Last week a tragic accident on the picturesque shores of Virginia Beach
shocked everyone who was gearing up to celebrate the start of summer.
Lottie Michelle Belk, who was enjoying her 55th birthday with a beach vacation, was impaled by a beach umbrella. The full
details are not yet clear, but it appears that a beach umbrella, which
was improperly anchored in the sand, was picked up by a strong gust of
wind and sent airborne. Ms. Belk was impaled in her torso area and went
into cardiac arrest. She was quickly rushed to the hospital by medics
but died shortly after arrival. Witnesses at the scene described the wind
gusts as dramatic bursts that could have rivaled the tornado in the
Wizard of Oz.
This is not the first time that vacationers in our area have been seriously
injured by beach umbrellas, and as the summer season is kicking into full
swing we hope that we do not see many more. Last summer, a Henrico man
was vacationing in Bethany Beach, when he lost his left eye due to a flying
beach umbrella. The umbrella had been swept down the beach and reached
speeds of up to 40 miles per hour when it struck him. His brain cavity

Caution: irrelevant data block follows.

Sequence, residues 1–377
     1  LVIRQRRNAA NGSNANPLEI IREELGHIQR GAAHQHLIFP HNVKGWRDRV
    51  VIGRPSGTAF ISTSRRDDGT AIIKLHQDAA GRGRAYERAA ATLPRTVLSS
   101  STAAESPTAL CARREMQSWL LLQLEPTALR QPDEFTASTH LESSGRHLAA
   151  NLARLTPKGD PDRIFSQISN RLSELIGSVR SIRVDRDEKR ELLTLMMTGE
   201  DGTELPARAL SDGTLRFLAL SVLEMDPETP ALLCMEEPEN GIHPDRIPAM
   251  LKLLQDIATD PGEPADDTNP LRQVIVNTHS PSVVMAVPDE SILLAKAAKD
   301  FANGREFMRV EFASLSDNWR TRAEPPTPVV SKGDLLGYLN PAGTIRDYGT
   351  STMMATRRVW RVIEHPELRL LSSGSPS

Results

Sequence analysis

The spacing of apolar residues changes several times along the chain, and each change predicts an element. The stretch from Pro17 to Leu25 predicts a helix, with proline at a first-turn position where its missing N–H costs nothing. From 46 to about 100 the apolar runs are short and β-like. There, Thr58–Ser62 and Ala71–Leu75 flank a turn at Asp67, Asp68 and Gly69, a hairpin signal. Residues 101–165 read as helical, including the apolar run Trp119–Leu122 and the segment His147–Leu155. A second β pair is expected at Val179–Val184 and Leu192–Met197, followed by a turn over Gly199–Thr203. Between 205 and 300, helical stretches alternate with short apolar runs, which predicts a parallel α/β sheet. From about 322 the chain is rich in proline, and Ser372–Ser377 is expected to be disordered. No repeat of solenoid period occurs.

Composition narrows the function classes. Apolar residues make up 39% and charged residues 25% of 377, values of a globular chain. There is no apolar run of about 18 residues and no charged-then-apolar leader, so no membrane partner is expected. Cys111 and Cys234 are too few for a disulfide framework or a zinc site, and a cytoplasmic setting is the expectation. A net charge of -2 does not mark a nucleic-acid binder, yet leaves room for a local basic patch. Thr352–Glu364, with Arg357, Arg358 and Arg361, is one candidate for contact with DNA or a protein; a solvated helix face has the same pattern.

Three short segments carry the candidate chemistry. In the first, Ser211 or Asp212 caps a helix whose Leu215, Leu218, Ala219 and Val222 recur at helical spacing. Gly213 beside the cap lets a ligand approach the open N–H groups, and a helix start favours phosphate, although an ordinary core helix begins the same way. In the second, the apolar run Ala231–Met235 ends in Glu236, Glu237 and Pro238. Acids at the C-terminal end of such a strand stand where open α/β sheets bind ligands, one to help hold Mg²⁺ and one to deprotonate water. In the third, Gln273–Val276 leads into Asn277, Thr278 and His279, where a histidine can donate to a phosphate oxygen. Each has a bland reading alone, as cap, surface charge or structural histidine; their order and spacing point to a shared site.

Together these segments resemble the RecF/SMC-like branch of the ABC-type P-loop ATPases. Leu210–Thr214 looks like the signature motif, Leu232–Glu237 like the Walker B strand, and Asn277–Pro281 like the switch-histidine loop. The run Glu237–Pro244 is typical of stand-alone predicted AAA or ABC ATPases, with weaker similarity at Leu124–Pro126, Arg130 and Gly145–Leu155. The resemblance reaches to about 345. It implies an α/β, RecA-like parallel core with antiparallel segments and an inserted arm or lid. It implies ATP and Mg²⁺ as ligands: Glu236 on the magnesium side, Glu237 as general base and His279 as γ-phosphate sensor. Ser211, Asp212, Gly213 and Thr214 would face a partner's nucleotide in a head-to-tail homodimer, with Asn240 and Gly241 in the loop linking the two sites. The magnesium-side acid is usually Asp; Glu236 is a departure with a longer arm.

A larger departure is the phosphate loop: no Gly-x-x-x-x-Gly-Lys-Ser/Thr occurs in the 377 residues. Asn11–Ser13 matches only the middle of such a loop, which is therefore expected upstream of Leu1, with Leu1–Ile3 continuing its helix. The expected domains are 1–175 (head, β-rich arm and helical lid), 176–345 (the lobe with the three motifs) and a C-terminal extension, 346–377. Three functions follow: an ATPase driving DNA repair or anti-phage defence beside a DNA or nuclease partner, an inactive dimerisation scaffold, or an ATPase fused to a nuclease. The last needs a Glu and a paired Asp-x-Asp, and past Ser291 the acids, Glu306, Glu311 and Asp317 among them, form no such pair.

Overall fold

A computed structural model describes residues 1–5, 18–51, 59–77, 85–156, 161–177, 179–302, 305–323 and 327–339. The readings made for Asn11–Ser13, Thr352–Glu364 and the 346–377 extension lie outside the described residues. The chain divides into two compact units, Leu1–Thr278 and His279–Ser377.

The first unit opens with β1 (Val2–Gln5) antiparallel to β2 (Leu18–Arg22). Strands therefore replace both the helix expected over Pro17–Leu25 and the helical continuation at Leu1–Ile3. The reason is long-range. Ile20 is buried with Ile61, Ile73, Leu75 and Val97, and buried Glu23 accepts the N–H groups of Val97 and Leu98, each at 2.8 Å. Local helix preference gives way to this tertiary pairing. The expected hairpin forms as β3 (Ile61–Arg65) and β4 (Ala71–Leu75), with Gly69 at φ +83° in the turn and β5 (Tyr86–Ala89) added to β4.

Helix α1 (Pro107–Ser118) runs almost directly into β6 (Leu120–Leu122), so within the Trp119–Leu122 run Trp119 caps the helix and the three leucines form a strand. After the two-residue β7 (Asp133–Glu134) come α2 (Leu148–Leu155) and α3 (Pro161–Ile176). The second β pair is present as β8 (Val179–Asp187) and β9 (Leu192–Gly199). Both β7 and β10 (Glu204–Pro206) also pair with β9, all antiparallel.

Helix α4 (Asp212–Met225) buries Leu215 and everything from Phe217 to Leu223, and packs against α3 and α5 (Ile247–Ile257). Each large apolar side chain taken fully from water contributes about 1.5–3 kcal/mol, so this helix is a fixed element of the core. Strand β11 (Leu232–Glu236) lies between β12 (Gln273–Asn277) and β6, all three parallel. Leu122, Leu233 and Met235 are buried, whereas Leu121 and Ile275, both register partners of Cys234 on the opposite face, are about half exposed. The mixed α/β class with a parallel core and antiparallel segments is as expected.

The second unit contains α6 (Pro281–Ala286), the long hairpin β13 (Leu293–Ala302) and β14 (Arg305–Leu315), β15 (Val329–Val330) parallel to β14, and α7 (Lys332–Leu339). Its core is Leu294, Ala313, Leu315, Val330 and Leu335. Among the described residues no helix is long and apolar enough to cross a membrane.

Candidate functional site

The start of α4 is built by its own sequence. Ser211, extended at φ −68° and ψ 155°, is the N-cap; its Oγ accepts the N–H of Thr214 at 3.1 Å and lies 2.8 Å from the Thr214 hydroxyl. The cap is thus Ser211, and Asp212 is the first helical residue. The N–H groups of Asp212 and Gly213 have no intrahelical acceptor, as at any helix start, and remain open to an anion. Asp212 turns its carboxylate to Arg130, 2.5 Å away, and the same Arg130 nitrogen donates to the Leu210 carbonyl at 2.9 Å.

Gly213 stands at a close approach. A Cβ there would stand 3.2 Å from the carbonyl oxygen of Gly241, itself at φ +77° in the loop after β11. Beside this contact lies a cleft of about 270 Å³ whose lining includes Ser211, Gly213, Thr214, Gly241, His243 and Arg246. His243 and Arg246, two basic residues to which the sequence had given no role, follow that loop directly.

was breached and his eye socket was shattered. His family tried to warning
him of the danger, but he was unable to get out of the way in time.
In 2010 Lynn Stevens, of Baltimore, was vacationing in Ocean City, Maryland
when a beach umbrella was lifted high into the air by a wind gust and
came barreling back down to the ground at a high rate of speed. The sharpened
end of the umbrella struck Ms. Steven's thigh. It penetrated four
inches into her leg and nearly severed a major artery. Ms. Steven's
says that the umbrella was not tumbling in the wind as you might expect,
but was instead launched like a missile by the wind. She spent several
days in the hospital and was able to recover from her injuries.
Even though umbrella injuries may sound like freak accidents, there are
dozens of cases on our shores every day and these cases are very preventable.
Beach stand operators and beachgoers should know how to properly anchor
umbrellas. If your beach umbrella is anchored by a stand operator and
you choose to move it, you may assume liability for any potential injuries
that may result. Umbrellas should be anchored at least 18-24 inches in
the sand and the umbrellas should be tilted into the wind. If the wind
is gusting or blowing at high speeds, it is better to be safe than sorry
and you should take your umbrella down. At CSCS we have handled serious
umbrella injuries cases, and we can help you evaluate your case. If you
or a loved one has been injured, please
call our office to speak directly to one of our attorneys for a free legal consultation.